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dc.contributor.authorStüeken, Eva E.
dc.contributor.authorBoocock, Toby
dc.contributor.authorSzilas, Kristoffer
dc.contributor.authorMikhail, Sami
dc.contributor.authorGardiner, Nicholas J.
dc.identifier.citationStüeken , E E , Boocock , T , Szilas , K , Mikhail , S & Gardiner , N J 2021 , ' Reconstructing nitrogen sources to Earth’s earliest biosphere at 3.7 Ga ' , Frontiers in Earth Science , vol. 9 , 675726 .
dc.identifier.otherPURE: 274172680
dc.identifier.otherPURE UUID: f00a9251-5510-4ee9-8636-a395d1a49718
dc.identifier.otherBibtex: 10.3389/feart.2021.675726
dc.identifier.otherORCID: /0000-0001-5276-0229/work/93894399
dc.identifier.otherORCID: /0000-0001-6861-2490/work/93894746
dc.identifier.otherORCID: /0000-0003-3465-9295/work/93894958
dc.identifier.otherScopus: 85105947537
dc.identifier.otherWOS: 000649945800001
dc.descriptionES acknowledges support from the School of Earth and Environmental Sciences at St Andrews. TB was funded by a NERC IAPETUS Doctoral Training Program (NE/R012253/1) studentship. Fieldwork at Isua was supported by the Carlsberg Foundation through grant CF18-0090 to KS.en
dc.description.abstractEarth’s sedimentary record has preserved evidence of life in rocks of low metamorphic grade back to about 3.2–3.5 billion years ago (Ga). These lines of evidence include information about specific biological metabolisms, permitting the reconstruction of global biogeochemical cycles in the early Archean. Prior to 3.5 Ga, the geological record is severely compromised by pervasive physical and chemical alteration, such as amphibolite-granulite facies metamorphic overprinting. Despite this alteration, evidence of biogenic organic matter is preserved in rare localities, including meta-turbidites from the 3.8 to 3.7 Ga Isua Supracrustal Belt, Western Greenland. But detailed insights into metabolic strategies and nutrient sources during the time of deposition of these Eoarchean meta-sedimentary rocks are lacking. Here we revisit the Isua meta-turbidites and provide new data for metal abundances as well as organic carbon and nitrogen isotope values. Our results reveal mixing between authigenic and detrital nitrogen phases with the authigenic phase likely fractionated by metamorphic degassing. Rayleigh fractionation models of these 3.7 Ga samples indicate pre-metamorphic δ15N values of between −1 and −10‰. The most plausible initial values are below −5‰, in agreement with a prior study. While the upper endmember of −1‰ could indicate biological N2 fixation at 3.7 Ga, the more plausible lighter values may point toward a distinct biogeochemical nitrogen cycle at that time, relative to the rest of Earth’s history. In light of recent experimental and phylogenetic data aligned with observations from the modern atmosphere, we tentatively conclude that lightning and/or high-energy photochemical reactions in the early atmosphere may have contributed isotopically light nitrogen to surface environment(s) preserved in the Isua turbidites. In this case, recycling of Eoarchean sediments may have led to the isotopically light composition of the Earth’s upper mantle dating back to at least 3.2 Ga.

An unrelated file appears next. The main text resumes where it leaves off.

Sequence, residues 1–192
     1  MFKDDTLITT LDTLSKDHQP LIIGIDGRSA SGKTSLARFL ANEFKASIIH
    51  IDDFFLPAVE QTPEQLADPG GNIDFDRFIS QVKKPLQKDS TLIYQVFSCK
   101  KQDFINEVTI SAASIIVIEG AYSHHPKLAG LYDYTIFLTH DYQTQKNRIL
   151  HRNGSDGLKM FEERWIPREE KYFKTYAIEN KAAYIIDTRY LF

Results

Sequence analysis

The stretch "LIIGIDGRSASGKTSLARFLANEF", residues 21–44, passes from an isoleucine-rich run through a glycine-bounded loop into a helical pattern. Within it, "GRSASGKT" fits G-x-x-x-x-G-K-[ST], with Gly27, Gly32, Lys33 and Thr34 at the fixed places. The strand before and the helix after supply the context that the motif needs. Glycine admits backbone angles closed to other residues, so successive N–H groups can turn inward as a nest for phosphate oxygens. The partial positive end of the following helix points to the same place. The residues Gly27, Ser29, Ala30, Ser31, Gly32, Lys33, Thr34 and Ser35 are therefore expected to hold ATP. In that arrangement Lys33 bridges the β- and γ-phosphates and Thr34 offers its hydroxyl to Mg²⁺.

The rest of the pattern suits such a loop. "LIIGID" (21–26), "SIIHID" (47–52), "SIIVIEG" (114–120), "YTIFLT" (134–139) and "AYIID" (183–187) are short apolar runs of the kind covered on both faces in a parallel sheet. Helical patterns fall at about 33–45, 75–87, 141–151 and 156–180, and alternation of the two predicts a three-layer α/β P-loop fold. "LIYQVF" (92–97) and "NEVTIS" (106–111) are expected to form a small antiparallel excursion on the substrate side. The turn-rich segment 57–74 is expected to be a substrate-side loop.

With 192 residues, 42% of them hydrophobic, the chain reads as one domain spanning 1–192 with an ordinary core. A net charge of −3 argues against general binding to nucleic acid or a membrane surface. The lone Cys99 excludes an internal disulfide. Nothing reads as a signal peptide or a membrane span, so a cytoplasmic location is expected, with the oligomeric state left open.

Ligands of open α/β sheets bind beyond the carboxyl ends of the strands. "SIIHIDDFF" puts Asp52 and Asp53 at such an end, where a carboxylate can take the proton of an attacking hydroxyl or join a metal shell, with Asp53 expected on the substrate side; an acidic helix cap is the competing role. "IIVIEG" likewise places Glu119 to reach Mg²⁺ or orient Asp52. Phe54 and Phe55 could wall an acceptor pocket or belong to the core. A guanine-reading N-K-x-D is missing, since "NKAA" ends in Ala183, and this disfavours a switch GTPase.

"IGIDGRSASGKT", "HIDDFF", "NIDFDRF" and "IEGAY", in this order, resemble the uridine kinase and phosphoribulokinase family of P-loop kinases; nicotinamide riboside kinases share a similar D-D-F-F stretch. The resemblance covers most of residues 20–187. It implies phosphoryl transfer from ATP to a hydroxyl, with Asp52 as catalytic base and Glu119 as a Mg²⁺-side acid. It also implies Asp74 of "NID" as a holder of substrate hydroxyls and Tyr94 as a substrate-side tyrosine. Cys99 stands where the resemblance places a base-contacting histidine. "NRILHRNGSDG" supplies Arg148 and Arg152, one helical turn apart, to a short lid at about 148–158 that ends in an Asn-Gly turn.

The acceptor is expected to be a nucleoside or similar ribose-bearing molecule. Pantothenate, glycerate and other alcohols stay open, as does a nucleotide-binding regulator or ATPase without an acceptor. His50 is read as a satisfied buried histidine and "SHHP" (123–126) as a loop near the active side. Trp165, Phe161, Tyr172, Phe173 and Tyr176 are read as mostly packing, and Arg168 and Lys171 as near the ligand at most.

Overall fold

dc.relation.ispartofFrontiers in Earth Scienceen
dc.rightsCopyright © 2021 Stüeken, Boocock, Szilas, Mikhail and Gardiner. This is an open-access article distributed under the terms of the Creative Commons Attribution License (CC BY). The use, distribution or reproduction in other forums is permitted, provided the original author(s) and the copyright owner(s) are credited and that the original publication in this journal is cited, in accordance with accepted academic practice. No use, distribution or reproduction is permitted which does not comply with these terms.en
dc.subjectNitrogen isotopesen
dc.subjectGB Physical geographyen
dc.titleReconstructing nitrogen sources to Earth’s earliest biosphere at 3.7 Gaen
dc.typeJournal articleen
dc.description.versionPublisher PDFen
dc.contributor.institutionUniversity of St Andrews.School of Earth & Environmental Sciencesen
dc.contributor.institutionUniversity of St Andrews.St Andrews Centre for Exoplanet Scienceen
dc.contributor.institutionUniversity of St Andrews.St Andrews Isotope Geochemistryen
dc.description.statusPeer revieweden

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